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Title: Financial statism as an alternative interventionist approach in developing international financial centres(IFCs) : the case of Shanghai since the 1990s
Author: Xu, D.
Awarding Body: UCL (University College London)
Current Institution: University College London (University of London)
Date of Award: 2015
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As increasing numbers of developing countries seek to build their own international financial centres, it is critical to take account of this new phenomenon in the realm of development studies. Previous development theories have devoted a great deal of attention to the analysis of industrialisation in the manufacturing sector, but insufficient attention to this new subject. At odds with neoliberal laissez-faire evolution, the financial statism identified in this thesis as (a) state ownership in the financial sector; (b) financial restraint policies; and (c) state control over capital mobility and currency convertibility, suggests an alternative approach adopted by the Chinese state to develop Shanghai into an international financial centre from the 1990s. It is argued that IFCs’ development is multi-faceted and can only be addressed in a country-specific context. The study demonstrates that due to the imperfection of institutions and infrastructure in China as a transitional economy in the 1990s, financial statism has played an active role in maintaining socio-economic stability at macro level, creating market institutions and urban infrastructure at meso-level and precluding exogenous financial risks at meta-level. Despite the observation of several disadvantages and deficiencies, financial statism has successfully transformed Shanghai into a domestic financial centre at the nascent stage of China’s financial development. Utilizing a process-tracing method, it was also discovered that given recent contextual changes, the Chinese state has started to withdraw its financial statist regime, paving the way for a more open and liberalised market system to further transform Shanghai into an international financial centre. The thesis concludes that market-driven and state-led development can be complementary and financial statism might serve as invisible scaffolding in the development of an IFC, particularly in large, fast-growing emerging economies.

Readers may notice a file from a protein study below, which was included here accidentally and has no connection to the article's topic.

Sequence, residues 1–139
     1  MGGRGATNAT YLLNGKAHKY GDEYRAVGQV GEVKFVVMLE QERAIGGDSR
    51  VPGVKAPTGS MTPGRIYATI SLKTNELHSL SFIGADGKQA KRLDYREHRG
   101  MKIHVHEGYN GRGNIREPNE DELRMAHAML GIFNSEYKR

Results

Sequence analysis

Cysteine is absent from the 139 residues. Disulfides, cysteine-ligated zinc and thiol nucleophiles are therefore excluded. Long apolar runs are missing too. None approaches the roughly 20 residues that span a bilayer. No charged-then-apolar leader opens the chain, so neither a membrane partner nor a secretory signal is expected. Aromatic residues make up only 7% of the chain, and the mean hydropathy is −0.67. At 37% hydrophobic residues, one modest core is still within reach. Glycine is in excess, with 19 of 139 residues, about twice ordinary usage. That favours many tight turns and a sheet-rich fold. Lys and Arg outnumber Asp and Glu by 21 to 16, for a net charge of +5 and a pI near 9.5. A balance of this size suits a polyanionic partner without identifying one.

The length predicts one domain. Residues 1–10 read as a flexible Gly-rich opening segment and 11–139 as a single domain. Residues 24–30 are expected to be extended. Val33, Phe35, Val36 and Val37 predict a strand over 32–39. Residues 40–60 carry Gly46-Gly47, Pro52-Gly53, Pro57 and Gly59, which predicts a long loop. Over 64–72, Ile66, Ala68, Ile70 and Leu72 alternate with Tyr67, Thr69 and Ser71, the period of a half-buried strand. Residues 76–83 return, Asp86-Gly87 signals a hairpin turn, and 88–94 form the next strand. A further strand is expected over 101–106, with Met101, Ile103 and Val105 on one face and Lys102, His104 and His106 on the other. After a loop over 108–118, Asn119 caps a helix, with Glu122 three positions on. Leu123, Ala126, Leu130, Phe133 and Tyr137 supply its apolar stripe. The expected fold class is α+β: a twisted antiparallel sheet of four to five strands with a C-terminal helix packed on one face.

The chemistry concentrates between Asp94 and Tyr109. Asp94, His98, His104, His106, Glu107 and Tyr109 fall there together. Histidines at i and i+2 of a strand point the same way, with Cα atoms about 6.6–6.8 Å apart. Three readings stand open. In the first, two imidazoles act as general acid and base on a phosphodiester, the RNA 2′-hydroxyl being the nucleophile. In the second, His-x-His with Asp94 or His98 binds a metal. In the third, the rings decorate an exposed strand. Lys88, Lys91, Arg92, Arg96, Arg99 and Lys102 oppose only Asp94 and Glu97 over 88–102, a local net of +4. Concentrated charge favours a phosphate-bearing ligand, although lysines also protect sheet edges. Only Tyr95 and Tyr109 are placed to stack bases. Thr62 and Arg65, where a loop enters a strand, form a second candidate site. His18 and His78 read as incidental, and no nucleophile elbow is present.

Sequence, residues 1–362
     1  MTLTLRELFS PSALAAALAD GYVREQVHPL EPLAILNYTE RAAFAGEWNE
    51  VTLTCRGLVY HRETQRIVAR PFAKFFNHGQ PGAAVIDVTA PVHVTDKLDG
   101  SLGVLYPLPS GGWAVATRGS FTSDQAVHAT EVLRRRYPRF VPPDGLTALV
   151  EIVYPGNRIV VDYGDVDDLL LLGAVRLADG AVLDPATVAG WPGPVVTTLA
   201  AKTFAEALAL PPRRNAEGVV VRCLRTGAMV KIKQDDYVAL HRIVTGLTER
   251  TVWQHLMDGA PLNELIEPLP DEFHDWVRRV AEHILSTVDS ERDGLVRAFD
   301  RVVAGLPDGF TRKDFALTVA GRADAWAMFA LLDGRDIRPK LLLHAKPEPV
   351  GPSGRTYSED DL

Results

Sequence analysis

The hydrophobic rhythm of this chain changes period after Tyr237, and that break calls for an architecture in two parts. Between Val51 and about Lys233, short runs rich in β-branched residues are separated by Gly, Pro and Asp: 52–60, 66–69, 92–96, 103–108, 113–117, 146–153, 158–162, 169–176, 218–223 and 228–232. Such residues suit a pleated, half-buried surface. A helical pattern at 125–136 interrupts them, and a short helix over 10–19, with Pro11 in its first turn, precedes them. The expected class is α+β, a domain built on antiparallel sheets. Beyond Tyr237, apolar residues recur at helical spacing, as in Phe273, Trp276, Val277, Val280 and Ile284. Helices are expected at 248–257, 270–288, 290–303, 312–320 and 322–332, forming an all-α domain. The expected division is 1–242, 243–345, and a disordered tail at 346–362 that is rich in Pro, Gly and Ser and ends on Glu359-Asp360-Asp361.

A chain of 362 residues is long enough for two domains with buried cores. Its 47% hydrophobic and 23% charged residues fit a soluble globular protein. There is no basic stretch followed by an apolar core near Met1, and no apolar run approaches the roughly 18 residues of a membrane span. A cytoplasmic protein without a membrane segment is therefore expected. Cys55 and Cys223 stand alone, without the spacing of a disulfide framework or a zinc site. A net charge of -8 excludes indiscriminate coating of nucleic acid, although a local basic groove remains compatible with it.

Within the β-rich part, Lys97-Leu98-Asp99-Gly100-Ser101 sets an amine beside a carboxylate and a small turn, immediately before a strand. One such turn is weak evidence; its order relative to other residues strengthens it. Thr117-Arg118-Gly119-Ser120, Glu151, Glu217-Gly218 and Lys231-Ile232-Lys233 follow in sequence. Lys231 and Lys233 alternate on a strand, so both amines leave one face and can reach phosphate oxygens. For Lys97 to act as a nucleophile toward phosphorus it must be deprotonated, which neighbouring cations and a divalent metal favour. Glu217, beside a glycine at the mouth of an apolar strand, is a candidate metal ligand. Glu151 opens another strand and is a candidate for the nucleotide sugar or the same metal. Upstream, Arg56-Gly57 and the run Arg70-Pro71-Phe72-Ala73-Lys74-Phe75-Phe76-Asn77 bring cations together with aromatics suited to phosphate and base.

Supervisor: Not available Sponsor: Not available
Qualification Name: Thesis (Ph.D.) Qualification Level: Doctoral
EThOS ID:  DOI: Not available